Thinking about the parable of the two builders at the end of Luke 6, yesterday we thought about the point of the story (that wisdom is in the doing of what Jesus said), and that Jesus said when, not if. That is, trouble to test our lives is coming. Here are two more reflections for us:
3. We are not exempt from the “hear and do” teaching. All Christians are prone to fall short of the “do” step. Preachers are especially prone to this error. We can so easily think it is enough to hear, to read, to know, to understand, even to believe … but Jesus said that we need to actually do what he says. This is true in two respects:
- It is true as a preacher. We need to be those who hear Jesus and put into practice what Jesus preached. It is frightening to get up close to some big-name speakers and discover that their spiritual immaturity has been pandered to because of their status. It is sad to discover some who hold positions of spiritual influence have gaping flaws in their character and would rather excuse themselves than seek to grow in those areas.
- It is true for our preaching. What kind of sermons are we building? It is a problem if our sermons are being built late on Saturday and early on Sunday (I know I have been guilty of this for various legitimate and less legitimate reasons!) Even if we start several days earlier, when do we have time to do what the passage teaches? Could it be that we read, we study, we understand, we believe, and then we preach a sermon built directly on the ground without a foundation because we have not done the doing part? Our sermons will stand up to testing if they have first been tested “under applied conditions” in real life.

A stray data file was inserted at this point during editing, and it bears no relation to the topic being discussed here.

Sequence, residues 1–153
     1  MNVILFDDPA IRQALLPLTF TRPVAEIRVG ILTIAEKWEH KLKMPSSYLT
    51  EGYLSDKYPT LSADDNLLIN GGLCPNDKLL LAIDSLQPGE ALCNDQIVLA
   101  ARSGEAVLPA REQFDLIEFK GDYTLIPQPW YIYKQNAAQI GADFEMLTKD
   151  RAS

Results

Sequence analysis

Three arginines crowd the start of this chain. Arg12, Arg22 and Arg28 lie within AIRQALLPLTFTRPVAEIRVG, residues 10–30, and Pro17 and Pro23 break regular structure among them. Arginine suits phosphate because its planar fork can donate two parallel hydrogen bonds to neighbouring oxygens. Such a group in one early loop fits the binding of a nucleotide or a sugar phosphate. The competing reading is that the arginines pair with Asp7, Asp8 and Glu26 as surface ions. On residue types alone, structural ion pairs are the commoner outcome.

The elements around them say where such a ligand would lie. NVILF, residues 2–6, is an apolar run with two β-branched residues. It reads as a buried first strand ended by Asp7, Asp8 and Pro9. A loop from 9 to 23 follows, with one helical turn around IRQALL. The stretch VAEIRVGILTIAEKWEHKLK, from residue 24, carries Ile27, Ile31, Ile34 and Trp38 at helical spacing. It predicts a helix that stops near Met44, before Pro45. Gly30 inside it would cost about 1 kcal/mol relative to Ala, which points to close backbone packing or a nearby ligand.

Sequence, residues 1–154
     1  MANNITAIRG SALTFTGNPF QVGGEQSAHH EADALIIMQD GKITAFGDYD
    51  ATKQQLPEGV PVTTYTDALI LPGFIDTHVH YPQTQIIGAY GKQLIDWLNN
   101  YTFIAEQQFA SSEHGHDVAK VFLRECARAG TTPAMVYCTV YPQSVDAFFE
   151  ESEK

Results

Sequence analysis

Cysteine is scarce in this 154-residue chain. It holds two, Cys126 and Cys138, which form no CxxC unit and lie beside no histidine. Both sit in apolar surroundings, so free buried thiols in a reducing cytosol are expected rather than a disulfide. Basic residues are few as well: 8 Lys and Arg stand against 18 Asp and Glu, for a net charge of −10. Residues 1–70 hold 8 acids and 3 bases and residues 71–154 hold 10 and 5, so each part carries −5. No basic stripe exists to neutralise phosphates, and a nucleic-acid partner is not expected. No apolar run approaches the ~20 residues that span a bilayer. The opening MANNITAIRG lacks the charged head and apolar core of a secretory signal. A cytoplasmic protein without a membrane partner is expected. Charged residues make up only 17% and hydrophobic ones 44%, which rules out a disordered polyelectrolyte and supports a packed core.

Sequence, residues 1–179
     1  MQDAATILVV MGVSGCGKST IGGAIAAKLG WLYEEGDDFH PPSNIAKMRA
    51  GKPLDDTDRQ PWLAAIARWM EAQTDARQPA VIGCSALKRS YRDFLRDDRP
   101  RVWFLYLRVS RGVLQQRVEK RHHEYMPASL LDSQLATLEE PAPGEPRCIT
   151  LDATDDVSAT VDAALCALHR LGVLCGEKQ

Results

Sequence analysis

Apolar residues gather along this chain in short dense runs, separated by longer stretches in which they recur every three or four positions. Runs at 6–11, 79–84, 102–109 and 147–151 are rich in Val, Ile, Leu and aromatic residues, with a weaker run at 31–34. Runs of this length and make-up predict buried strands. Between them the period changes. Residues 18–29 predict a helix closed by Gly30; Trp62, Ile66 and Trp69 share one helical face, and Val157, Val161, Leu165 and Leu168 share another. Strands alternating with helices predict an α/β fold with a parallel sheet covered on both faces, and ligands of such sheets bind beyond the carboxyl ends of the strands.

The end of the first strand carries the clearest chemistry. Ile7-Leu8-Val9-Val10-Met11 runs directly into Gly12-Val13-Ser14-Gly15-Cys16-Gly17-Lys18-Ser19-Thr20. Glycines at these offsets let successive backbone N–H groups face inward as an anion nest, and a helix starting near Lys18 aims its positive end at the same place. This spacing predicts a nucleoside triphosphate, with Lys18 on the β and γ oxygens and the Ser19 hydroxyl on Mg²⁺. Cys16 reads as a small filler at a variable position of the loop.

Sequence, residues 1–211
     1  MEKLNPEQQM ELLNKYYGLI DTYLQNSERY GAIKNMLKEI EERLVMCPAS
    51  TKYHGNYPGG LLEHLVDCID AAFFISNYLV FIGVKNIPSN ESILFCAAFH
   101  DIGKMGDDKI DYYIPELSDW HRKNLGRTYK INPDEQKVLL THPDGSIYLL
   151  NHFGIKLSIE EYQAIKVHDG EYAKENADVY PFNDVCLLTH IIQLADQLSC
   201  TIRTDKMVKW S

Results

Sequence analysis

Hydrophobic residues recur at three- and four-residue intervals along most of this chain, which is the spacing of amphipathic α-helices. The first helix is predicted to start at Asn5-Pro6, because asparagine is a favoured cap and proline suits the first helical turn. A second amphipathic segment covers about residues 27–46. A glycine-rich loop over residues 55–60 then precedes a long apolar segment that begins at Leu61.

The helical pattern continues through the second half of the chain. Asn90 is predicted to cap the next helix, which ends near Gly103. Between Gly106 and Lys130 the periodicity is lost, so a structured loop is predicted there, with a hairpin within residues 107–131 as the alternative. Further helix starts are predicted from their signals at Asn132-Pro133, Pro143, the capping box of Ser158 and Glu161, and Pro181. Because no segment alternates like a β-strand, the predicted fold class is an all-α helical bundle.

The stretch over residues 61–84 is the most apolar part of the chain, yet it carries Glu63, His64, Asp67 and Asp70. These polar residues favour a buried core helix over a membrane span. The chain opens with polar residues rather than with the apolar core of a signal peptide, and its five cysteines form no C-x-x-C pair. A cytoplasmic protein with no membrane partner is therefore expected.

4. Let Jesus motivate you.
- There is motivation in the words Jesus spoke on several levels. It is encouraging to us in those areas where we are actively obeying even though it is not easy, and we don’t see automatic fruit. It is a warning that we all need, that disobedience may not yield instant consequences, but the house will eventually collapse if it is built on hearing only. It is an explanation for some who find themselves picking through rubble because of past choices. There is lots of motivation in the words Jesus spoke.
- There is also motivation to be found in the Jesus who spoke the words. We can drop into the passage at a parable and hear the instruction, but miss the voice that is speaking. This is the same Jesus who was pursuing the people, inviting them to follow him, to be with him, to see who he was, to discover his love for his Father, his compassion for hurting people, and his love for his own. Four verses at the end of Luke 6 can pack quite a punch, but the book of Luke as a whole invites us to put ourselves completely under the influence of Jesus, the one who loved us and came to seek and to save that which was lost. Parables are not just good stories, they are stories spoken by a good person.
Next week I will offer some preacher reflections on another parable…